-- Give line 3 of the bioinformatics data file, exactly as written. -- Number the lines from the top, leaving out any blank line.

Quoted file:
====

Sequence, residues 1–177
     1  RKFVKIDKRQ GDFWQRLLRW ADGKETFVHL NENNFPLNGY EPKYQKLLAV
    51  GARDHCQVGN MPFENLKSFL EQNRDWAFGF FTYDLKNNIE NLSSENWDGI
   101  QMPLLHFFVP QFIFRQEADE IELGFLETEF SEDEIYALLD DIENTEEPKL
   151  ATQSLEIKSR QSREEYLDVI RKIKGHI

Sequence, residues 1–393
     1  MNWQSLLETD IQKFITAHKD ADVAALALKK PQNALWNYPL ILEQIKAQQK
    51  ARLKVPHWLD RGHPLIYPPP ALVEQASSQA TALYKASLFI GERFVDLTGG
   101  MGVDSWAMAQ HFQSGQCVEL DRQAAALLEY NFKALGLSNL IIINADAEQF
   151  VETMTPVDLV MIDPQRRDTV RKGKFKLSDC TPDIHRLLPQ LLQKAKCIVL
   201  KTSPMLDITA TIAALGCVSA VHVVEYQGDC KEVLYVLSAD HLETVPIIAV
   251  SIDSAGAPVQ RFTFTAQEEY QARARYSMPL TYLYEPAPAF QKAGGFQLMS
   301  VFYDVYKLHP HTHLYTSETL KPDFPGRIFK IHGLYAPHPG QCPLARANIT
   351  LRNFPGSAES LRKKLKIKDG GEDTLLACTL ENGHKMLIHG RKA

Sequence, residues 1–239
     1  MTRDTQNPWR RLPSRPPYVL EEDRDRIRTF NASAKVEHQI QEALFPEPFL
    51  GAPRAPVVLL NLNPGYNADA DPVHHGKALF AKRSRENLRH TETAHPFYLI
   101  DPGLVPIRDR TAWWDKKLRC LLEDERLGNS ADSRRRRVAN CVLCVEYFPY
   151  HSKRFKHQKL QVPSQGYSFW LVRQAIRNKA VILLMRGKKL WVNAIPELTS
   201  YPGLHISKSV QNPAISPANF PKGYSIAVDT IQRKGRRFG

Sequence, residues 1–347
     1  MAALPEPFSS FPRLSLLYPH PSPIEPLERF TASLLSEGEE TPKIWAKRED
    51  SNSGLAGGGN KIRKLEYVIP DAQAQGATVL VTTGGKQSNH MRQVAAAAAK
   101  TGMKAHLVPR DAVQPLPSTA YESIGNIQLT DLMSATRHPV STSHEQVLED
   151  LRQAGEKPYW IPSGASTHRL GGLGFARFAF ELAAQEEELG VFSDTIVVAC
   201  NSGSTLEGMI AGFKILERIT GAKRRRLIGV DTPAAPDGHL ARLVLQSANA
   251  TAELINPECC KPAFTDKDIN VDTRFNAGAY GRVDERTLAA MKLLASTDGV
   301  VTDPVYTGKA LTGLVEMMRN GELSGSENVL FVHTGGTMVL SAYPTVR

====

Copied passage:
    51  GARDHCQVGN MPFENLKSFL EQNRDWAFGF FTYDLKNNIE NLSSENWDGI